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VIDEO: I Am NOT Black, You are NOT White. These Labels were Made Up to Divide us.

Check this video out! Who are you? Are you really Black? Are you really White?

I Am NOT Black, You are NOT White. These Labels were Made Up to Divide us.

Posted by Prince Ea on Monday, November 2, 2015

A SEGRATED AMERICA: Over 30 PHOTOS DEMONSTRATES HOW “COLORED” PEOPLE WERE TREATED

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Let’s take a minute to reflect the America that we, ALL Americans, want to be part of. Do we want an America that’s inclusive or an America that is divided by race, social economics or an America that stands for social justice and equality for all? Do we want an America that lives in a state of fear based on people’s looks, richness of their skin color or diverse languages we speak?  Take a look at the below hurtful photos and ask yourself do you want to live in a country that hurts each other through laws that separate us and our families? Not sure about you but I do not want to repeat history. I want to live in a country that is united and that shows respect for all different type of people–Blacks, Latinos, Asians, women, LGBT, and yes, whites too.

Terrorism came to AmericaKKKa long before 9/11 or ISIS: America’s record of Black lynchings worse than previously thought

terrorism(NNPA) – Almost 4,000 Blacks—about 700 more than previously reported—were lynched in 12 Southern states during the period between Reconstruction and World War II, according to a new report by the Equal Justice Initiative.

“Lynching in America: Confronting the Legacy of Racial Terror” is the result of five years of research and 160 visits to sites across the South. The report makes the argument that these killings were a form of racial terrorism aimed at subjugating the Black community and maintaining Jim Crow segregation.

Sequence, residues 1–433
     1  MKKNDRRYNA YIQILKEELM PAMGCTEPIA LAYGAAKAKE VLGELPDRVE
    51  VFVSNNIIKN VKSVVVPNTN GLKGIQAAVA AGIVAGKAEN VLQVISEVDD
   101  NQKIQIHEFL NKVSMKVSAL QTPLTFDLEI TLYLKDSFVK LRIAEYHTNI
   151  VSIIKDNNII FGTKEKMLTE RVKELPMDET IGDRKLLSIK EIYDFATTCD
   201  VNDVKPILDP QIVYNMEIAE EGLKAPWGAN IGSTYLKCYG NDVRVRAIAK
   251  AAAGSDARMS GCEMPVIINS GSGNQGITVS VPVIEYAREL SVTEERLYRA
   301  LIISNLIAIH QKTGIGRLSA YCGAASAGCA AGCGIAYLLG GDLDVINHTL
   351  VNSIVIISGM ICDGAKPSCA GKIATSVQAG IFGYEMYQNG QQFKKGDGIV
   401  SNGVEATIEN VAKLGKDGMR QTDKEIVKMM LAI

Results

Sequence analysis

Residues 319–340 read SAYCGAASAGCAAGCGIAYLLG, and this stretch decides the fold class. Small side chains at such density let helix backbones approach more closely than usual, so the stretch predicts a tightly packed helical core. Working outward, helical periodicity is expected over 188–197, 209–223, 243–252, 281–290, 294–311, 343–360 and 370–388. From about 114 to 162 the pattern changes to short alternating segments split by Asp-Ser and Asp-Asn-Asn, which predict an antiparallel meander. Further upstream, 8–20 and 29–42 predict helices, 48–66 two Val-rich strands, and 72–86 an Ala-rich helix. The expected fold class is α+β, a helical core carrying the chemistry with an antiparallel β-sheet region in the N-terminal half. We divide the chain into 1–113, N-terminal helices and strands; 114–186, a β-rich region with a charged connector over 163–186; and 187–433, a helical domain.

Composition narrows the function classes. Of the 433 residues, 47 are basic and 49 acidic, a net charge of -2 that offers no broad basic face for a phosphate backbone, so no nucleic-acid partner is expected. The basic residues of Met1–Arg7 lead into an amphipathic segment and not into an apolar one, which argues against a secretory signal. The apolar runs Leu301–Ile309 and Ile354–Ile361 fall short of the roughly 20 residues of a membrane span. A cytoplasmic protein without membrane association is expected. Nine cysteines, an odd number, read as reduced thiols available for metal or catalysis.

“We’re focusing on lynchings of African-Americans because when Whites were lynched it was really more about punishment—it wasn’t sent to terrorize the White community, it was intended to actually make the White community feel safe,” said Bryan Stevenson, director of the Alabama-based nonprofit in an interview with National Public Radio. “The lynching of African-Americans, on the other hand, was really a direct message to the entire African-American community—it was designed to traumatize and terrorize.”

To put in a modern-day context, the number of Blacks who were beaten, burned and ultimately hung while picnicking Whites cheered, is more than twice the number of Americans who died in the terrorist attacks on 9/11, more than twice those who died in the anti-terror campaign in Afghanistan and comparable to the number who died in Iraq.

And these acts of terror against Blacks were often state-sanctioned killings, Mr. Stevenson added.

“In most of the places where these lynchings took place—in fact in all of them—there was a functioning criminal justice system that was deemed too good for African-Americans,” he said. “Often these men were pulled from jails and pulled out of courthouses, where they could be lynched literally on the courthouse lawn.”

The inequalities reinforced by lynching has left its mark on the Black community and on public policy as seen in policies of mass incarceration, racially biased capital punishment, excessive or disproportionate sentencing of racial minorities, and police abuse of people of color, the report concluded.

“We cannot heal the deep wounds inflicted during the era of racial terrorism until we tell the truth about it,” Mr. Stevenson said in a separate statement. “The geographic, political, economic, and social consequences of decades of terror lynchings can still be seen in many communities today and the damage created by lynching needs to be confronted and discussed. Only then can we meaningfully address the contemporary problems that are lynching’s legacy.